Tips for Google CSE plugin for Drupal


If you've decided to use the Google Custom Search Engine (CSE) plugin for Drupal, there are a few things you can do to make life easier for your visitors:

  • Add some rewrite rules (to the .htaccess file) to redirect requests for the old search engine to the new one. This can help visitors who know how Drupal works and were typing their search manually, etc.
    • RewriteRule ^search$ /search/google [R=301,NC,L]
    • RewriteRule ^search/node$ /search/google [R=301,NC,L]
    • RewriteRule ^search/node/(.*)$ /search/google?query=$1 [R=301,NC,L]
    • RewriteRule ^search/taxonomy_search$ /search/google [R=301,NC,L]
    • RewriteRule ^search/taxonomy_search/(.*)$ /search/google?query=$1 [R=301,NC,L]
  • Disable the built-in search engine module to reduce memory overhead and speed up page requests.
  • Use some CSS to hide the background image added to the search boxes:
    • input.form-text {
    • background-image: none !important;
    • }
  • If you have custom search boxes replace them with code that calls the Google CSE engine, i.e.:
    • <?php print drupal_get_form('google_cse_searchbox_form');?>

Put together this can make the GoogleCSE almost(*) completely transparent to your visitors.

* Note: I'm not sure if it's a feature or a bug, but I'm going to go with the latter - all search result pages for GoogleCSE append a great deal of information to the URL instead of just submitting these fields transparently via the API call. This is obviously not very user friendly for advanced users who can normally just go to e.g. /search/node/doodlebutt to search for "doodlebutt", or for occasions when you're doing tricks on the search engine, instead when visitors do this they're just putting their search term into the search box and will have to click the Search box to see any results.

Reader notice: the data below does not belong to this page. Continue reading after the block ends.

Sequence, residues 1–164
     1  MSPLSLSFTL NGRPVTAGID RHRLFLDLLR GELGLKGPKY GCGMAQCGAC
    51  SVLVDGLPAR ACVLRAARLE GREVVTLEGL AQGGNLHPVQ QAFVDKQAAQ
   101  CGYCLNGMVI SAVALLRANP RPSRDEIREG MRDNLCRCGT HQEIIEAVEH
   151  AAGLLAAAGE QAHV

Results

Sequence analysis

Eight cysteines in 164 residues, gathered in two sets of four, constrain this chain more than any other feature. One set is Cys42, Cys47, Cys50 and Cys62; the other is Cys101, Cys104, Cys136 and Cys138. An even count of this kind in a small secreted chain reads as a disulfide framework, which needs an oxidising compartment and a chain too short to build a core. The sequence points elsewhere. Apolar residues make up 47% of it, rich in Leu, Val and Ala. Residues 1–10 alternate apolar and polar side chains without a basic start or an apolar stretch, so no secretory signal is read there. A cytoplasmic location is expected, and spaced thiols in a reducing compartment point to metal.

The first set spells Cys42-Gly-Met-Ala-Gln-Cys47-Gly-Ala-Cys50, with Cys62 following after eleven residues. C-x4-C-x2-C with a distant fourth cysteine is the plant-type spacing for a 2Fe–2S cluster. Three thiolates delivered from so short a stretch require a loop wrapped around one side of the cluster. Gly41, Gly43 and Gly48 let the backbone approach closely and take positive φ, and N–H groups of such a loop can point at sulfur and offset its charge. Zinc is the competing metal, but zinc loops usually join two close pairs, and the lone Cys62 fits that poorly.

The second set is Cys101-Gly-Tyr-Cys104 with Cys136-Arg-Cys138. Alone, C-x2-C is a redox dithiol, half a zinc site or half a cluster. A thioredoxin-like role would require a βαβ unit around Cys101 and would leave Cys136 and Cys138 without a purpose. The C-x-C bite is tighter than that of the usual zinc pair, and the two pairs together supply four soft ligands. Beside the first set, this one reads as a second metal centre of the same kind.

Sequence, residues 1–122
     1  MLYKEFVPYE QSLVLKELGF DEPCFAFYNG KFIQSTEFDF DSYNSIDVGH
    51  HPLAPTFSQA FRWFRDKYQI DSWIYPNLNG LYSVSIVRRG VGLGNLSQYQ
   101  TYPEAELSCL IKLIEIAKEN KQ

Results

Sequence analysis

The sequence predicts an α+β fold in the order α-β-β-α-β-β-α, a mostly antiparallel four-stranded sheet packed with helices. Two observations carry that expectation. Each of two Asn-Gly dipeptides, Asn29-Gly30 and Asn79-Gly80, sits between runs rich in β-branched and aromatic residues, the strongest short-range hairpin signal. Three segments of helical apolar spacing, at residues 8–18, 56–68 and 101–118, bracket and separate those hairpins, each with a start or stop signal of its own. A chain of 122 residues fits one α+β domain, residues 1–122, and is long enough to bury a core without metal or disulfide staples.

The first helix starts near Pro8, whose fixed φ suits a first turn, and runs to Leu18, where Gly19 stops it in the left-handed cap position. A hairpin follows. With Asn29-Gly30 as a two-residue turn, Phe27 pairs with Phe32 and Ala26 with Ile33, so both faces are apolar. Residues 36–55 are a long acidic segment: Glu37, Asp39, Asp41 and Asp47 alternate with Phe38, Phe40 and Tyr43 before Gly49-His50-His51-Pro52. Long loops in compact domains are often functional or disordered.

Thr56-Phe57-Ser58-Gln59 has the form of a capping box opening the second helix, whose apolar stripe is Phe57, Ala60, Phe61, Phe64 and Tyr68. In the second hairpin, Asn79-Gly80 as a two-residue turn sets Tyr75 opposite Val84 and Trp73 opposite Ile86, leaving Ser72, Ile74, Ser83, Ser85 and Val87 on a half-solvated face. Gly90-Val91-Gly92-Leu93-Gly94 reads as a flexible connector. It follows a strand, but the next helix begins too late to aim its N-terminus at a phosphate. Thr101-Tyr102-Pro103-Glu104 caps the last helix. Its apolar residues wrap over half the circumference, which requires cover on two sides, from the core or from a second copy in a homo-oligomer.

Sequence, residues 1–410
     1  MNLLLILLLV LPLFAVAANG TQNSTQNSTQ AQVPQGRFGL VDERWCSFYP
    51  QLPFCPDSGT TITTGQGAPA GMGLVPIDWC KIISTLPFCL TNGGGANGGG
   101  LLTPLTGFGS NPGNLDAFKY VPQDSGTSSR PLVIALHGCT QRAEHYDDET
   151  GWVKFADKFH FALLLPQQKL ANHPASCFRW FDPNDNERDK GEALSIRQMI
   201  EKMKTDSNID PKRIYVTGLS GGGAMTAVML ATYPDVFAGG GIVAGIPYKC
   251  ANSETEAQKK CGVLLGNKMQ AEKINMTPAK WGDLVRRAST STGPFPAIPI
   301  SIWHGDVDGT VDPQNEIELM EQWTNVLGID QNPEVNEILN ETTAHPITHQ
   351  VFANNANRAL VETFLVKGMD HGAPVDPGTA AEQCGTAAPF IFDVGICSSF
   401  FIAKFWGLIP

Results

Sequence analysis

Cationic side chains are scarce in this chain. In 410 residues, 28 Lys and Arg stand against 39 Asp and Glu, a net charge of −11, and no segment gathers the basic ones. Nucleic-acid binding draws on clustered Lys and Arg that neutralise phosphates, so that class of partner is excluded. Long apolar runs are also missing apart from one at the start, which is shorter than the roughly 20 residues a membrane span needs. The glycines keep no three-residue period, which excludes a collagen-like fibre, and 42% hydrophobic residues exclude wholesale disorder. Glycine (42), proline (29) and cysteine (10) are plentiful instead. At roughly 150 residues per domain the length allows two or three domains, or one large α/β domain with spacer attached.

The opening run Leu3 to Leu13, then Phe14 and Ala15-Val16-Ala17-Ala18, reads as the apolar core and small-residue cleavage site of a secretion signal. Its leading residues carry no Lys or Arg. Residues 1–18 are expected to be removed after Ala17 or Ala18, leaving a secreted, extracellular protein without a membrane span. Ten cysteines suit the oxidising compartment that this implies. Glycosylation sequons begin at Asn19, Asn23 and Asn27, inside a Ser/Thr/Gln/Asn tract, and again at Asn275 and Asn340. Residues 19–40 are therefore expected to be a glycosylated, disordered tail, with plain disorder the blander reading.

Don't take your iPhone abroad


A simple statement for you: unless you have AT&T stock, don't take your iPhone with you when you go abroad. If, for some crazy reason you decide you moost haf eet, at least do yourself a favor and:

  • disable data roaming
  • disable 3G

You may also want to enable Airplane mode, just to be sure.

I say the above after having returned from two weeks in Ireland. Before we left we signed up for the 20mb international data plan and international roaming. What we didn't do was:

  • sign up for the 30mb data plan
  • sign up for the international calling plan

I believe if we'd signed up for these two we'd probably saved about $100 off the $350 bill that followed soon after our return, but quite possibly not that much.

Overriding CSS can be a pain


One of the difficulties with Drupal is that with so many modules needed to make a good site you can end up with a dozen or more different CSS files. On occasions when you need to tweak the CSS to match a specific design, or fix something for IE6, it can take quite a while to dig down to the exact definition you need. You might try throwing random snippets of CSS at the problem to try to make it go away, but they usually won't work.